MEDIA, Pa.—Kate Urban is this political season’s electoral gold: an undecided voter in a state that, with western neighbor Ohio and the 41 electoral votes between them, could very well decide who will occupy the White House on January 20.
And here in Philadelphia's western suburbs, a traditionally Republican area that's now one of the Keystone State's most crucial swing areas, the party nominees have been mining that gold. On this day, Republican John McCain and his running mate, Sarah Palin, would attract thousands to the steps of the Delaware County Courthouse, including Urban, 71, and her sister, Loretta Ross, 63, both drawn by curiosity about the Palin phenomenon. A few days earlier, Democratic nominee Barack Obama's running mate, Joseph Biden, a Scranton native, had been campaigning just up the road.
The candidates' quarry? Ambivalent voters like Urban, a longtime Republican from nearby Darby who says she reluctantly supported George W. Bush in 2000 and 2004 but switched parties this year so she could vote for Hillary Clinton in her winning effort in the state's Democratic primary. But when the former first lady conceded the nomination to Obama, Urban was left without a candidate and uncertain about whether she'd return to the GOP. "I'm not leaning either way; I want to feel something," says Urban, who, along with her sister, an Obama-leaning Democrat, was taking advantage of the afternoon sun on a park bench before the GOP rally. "I want to pick the right one," she says.
Though McCain and Obama had been locked in a too-close-to-call contest (most pollsters had been rating the state a toss-up), the ground in recent weeks has been shifting. A new Franklin and Marshall College poll taken in the midst of Congress's economic bailout turmoil and in the days before and after the candidates' recent debate shows that Obama has gained ground on McCain in the state, or, more precisely, McCain's support has eroded. And even more disturbing for the McCain camp was last week's Quinnipiac University Swing State Poll that showed that Obama surged to a 54-39 percent lead in Pennsylvania after the September 26 presidential debate, a dramatic improvement over his 49-43 percent edge before the square-off. "The fundamentals are moving in Obama's favor," says G. Terry Madonna, director of the Franklin and Marshall poll. Obama not only bumped up his lead over McCain, but more than 60 percent of registered voters in the state now say the Democrat "best understands the concerns of ordinary Americans," up from 55 percent in August. McCain dropped from 32 percent to 28 percent in that category. Obama was preferred by 45 percent of registered voters polled by Madonna's group, and McCain by 38 percent. A month earlier, Obama led McCain 44 percent to 36 percent.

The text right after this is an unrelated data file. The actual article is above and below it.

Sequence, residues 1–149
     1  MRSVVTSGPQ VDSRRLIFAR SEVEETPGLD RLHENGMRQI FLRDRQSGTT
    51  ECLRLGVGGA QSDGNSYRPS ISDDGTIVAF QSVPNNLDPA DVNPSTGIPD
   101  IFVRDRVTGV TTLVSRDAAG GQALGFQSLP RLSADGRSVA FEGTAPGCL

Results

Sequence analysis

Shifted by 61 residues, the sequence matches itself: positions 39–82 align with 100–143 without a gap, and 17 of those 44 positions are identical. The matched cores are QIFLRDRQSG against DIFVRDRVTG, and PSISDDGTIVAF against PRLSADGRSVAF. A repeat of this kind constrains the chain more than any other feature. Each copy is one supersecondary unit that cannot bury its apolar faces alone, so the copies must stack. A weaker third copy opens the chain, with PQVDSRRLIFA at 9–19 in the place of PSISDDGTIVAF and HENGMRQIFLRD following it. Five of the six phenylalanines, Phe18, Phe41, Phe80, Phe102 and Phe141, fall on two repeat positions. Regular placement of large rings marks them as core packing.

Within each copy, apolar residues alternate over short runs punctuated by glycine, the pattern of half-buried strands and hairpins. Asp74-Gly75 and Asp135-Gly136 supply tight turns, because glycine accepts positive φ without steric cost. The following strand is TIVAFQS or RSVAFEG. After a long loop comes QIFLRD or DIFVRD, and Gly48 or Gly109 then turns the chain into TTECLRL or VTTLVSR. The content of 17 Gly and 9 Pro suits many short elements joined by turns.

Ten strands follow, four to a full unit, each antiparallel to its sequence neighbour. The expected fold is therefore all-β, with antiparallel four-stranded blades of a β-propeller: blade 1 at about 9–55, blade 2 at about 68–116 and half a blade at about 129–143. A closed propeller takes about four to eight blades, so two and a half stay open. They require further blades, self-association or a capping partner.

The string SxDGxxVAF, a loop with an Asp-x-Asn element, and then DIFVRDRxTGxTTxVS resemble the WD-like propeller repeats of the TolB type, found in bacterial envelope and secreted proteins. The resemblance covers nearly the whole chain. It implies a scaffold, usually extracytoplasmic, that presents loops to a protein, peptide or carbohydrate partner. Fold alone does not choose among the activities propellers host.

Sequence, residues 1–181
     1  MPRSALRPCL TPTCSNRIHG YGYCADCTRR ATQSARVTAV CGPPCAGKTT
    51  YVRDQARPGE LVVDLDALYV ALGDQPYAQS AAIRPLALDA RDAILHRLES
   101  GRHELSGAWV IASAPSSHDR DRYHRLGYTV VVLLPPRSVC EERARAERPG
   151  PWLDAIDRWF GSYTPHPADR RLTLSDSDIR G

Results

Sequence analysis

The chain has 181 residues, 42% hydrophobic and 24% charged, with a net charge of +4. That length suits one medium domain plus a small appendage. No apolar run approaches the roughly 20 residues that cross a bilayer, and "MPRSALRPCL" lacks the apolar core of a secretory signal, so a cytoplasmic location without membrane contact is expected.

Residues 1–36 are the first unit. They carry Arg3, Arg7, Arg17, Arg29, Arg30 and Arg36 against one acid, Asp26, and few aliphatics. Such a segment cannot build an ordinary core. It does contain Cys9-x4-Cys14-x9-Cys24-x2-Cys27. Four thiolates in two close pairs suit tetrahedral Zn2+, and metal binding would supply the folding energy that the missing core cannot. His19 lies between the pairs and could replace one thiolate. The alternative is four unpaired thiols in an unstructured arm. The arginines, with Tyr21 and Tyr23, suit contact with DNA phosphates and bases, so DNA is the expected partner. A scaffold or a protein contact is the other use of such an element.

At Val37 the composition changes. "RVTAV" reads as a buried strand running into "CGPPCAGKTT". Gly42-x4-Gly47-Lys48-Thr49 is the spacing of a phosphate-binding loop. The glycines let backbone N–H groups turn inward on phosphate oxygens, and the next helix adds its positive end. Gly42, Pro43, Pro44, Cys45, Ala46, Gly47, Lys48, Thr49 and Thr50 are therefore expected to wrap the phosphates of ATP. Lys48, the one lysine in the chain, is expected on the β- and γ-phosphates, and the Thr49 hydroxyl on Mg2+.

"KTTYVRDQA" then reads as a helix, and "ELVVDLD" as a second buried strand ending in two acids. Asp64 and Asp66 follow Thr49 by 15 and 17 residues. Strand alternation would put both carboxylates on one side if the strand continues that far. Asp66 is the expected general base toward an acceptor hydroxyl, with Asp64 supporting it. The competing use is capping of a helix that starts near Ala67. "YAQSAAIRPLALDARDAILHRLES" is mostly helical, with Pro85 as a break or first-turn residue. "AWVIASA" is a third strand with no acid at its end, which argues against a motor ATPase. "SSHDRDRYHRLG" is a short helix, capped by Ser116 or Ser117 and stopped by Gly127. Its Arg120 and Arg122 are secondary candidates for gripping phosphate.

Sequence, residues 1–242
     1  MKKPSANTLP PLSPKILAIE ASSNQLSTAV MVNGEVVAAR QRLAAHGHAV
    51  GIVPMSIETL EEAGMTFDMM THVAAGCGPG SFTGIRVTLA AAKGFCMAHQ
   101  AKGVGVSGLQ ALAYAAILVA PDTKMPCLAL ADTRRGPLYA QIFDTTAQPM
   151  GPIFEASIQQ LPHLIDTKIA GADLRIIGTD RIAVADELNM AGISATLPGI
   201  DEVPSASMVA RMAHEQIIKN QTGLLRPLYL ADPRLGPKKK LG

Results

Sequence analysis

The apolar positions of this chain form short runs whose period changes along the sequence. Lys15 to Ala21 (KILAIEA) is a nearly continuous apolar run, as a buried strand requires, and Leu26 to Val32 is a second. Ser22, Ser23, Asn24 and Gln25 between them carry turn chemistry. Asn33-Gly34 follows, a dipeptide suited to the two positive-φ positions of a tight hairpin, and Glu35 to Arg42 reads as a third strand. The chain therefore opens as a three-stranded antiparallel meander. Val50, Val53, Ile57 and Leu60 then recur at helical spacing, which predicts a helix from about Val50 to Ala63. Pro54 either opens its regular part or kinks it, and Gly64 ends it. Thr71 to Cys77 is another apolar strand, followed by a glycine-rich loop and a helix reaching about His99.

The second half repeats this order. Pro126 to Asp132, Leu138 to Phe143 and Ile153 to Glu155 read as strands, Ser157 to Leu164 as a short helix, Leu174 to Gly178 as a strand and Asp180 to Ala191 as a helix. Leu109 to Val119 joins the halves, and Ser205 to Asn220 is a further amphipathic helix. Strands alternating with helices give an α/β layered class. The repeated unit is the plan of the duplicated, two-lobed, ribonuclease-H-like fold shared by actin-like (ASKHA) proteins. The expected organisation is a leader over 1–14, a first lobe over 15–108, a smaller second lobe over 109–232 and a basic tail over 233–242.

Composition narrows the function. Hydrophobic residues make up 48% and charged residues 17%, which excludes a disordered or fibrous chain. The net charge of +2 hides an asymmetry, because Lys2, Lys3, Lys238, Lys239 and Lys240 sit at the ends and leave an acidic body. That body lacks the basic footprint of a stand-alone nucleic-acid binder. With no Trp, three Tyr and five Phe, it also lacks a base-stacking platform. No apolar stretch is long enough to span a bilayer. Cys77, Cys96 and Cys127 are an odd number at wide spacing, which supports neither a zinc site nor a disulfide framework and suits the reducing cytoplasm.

McCain's decline has come despite the boost he got after he named Palin as his running mate. "Governor Palin had a profound influence here on [lb]the base of the Republican Party," Madonna says. "McCain had been running six to seven points behind Obama in Pennsylvania before he named her, and that was cut to about three points, and Palin was the difference." Though she remains a huge draw at Republican rallies, her influence on the top-of-the-ticket race has clearly waned. Obama has increased his lead in the state among women, picked up support among veterans, and now dominates McCain 52 percent to 24 percent among independents.
In this tumultuous economic time, however, the number of voters who have yet to make up their minds suggests that McCain could still scramble the field. The Franklin and Marshall poll found that 20 percent of independent voters said they were undecided, up from 14 percent in August. Thirteen percent of both Republicans and Democrats remain undecided. And political observers expect that Republicans learned some lessons from Hillary Clinton, who appealed to working-class voters by portraying Obama as an elitist and questioning whether his values meshed with blue-collar voters she won in places like Scranton and Wilkes-Barre. (Madonna predicts that Biden's presence on the Democratic ticket will ultimately have little effect on the contest's outcome.)[etk]